It's been several years since I have written a memorial piece on 9/11, but I woke thinking of that day out of my sleep this morning. I had watched the 60 minutes segment on the firefighters last night and must have been thinking or dreaming about it. The images in my waking thoughts were silent, without sound, the hush of the city as the buildings collapsed forever seared in every 9/11 survivor's psyche.


I was still living in New York City that day. Our home was a co-op on the Upper East Side and  I was teaching at NYU and Gotham Writers Workshop. Our daughter, Chloe, was in her own apartment on the Upper West Side; she worked close to the World Trade Center. She was running in Central Park listening to the radio on her Walkman when she heard the news; thankfully, she had not yet boarded the subway. When she got home she called our landline, not yet an artifact. Patiently, she uttered three simple words: "Turn on the TV."  If memory serves—and memory after trauma weakens—that  was the last we heard from her until we established email contact. For some reason, email was still working, and I was grateful that the phone lines were up on the West Side of Manhattan so that Chloe could reach my mother to assure her we were all okay.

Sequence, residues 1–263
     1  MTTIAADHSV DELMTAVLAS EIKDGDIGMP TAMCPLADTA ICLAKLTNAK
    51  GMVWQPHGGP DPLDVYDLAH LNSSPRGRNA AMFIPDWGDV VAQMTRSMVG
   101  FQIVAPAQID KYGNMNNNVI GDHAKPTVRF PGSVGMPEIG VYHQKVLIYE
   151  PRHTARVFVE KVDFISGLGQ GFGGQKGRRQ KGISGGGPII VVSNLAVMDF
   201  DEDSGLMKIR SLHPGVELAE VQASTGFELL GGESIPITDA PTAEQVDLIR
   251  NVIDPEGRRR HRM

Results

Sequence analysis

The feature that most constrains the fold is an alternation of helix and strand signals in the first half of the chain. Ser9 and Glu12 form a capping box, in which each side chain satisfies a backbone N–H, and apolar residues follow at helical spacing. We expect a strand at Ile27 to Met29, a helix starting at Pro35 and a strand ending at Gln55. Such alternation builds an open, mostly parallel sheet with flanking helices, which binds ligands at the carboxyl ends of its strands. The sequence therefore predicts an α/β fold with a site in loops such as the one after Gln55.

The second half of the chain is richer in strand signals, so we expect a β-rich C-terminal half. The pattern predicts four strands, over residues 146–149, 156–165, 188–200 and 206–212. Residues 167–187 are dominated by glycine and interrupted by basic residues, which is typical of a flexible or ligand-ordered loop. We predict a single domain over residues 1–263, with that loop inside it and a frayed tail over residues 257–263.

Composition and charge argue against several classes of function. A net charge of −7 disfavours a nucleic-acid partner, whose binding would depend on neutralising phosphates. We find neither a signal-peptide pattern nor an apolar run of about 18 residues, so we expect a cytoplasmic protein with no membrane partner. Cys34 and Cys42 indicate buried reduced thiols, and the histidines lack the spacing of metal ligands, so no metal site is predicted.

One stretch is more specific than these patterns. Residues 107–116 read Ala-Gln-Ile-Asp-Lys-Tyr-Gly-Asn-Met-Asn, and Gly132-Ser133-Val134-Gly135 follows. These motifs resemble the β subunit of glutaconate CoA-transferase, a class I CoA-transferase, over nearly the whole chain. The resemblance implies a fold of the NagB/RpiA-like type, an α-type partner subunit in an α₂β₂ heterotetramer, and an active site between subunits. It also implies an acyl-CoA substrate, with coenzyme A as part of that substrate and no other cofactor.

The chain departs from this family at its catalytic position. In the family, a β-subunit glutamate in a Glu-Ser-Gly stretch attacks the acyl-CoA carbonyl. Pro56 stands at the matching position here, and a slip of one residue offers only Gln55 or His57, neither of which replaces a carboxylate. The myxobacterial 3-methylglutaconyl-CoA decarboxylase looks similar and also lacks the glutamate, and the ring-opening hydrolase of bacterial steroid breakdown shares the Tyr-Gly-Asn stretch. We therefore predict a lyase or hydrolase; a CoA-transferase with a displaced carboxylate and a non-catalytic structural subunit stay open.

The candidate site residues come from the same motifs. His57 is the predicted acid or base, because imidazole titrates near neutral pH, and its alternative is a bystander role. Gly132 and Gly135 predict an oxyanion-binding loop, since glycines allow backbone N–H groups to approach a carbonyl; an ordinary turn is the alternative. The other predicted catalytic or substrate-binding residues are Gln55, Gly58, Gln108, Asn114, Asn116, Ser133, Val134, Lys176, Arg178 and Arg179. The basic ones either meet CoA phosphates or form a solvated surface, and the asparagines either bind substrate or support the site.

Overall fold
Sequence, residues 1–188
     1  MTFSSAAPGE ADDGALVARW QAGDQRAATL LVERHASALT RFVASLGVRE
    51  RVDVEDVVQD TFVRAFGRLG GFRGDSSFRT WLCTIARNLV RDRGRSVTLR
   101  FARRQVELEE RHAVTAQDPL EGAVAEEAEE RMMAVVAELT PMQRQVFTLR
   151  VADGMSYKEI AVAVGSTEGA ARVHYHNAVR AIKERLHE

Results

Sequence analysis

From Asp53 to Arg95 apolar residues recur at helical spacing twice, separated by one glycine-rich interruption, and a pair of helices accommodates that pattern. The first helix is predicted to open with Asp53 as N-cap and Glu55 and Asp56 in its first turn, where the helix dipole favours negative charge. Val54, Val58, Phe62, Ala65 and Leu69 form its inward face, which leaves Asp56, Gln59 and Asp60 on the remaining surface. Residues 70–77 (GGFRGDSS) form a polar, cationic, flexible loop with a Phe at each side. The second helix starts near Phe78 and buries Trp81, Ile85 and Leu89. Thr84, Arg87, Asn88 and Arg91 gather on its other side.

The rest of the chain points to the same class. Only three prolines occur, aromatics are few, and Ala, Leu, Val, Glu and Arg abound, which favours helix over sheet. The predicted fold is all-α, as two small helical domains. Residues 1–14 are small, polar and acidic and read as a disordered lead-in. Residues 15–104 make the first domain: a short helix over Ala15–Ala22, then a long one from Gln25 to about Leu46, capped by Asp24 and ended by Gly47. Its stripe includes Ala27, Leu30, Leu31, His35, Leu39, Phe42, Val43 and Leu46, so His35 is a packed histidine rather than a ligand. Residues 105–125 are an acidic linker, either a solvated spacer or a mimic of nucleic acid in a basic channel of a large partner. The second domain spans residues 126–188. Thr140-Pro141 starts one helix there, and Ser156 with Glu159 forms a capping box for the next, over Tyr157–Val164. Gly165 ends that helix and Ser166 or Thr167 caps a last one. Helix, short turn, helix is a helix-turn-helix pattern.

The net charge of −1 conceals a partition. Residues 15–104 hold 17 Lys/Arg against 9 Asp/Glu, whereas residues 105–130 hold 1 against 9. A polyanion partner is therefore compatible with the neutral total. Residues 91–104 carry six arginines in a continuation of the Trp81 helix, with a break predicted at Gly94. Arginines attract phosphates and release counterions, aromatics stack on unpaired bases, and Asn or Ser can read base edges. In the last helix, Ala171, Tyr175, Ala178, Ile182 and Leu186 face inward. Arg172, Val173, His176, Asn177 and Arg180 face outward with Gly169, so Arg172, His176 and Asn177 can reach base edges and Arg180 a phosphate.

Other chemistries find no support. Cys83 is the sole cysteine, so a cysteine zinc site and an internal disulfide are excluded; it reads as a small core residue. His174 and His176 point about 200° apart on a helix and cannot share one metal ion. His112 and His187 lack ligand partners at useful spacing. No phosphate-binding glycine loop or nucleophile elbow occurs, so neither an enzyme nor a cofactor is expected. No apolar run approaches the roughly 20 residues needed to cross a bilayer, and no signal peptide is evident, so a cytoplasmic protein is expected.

But that was us, our family, safe and sound in a city that had become a war zone, the enemy combatants dead in the debris of the Towers, suicide bombers from the other side of the world, a world none of us had ever visited, much less understood. What did it have to do with us? Americans I knew who cared about the world outside our borders, and America's role in that world, hypothesized instantly and endlessly about what this seminal horrific event signified and portended for the future.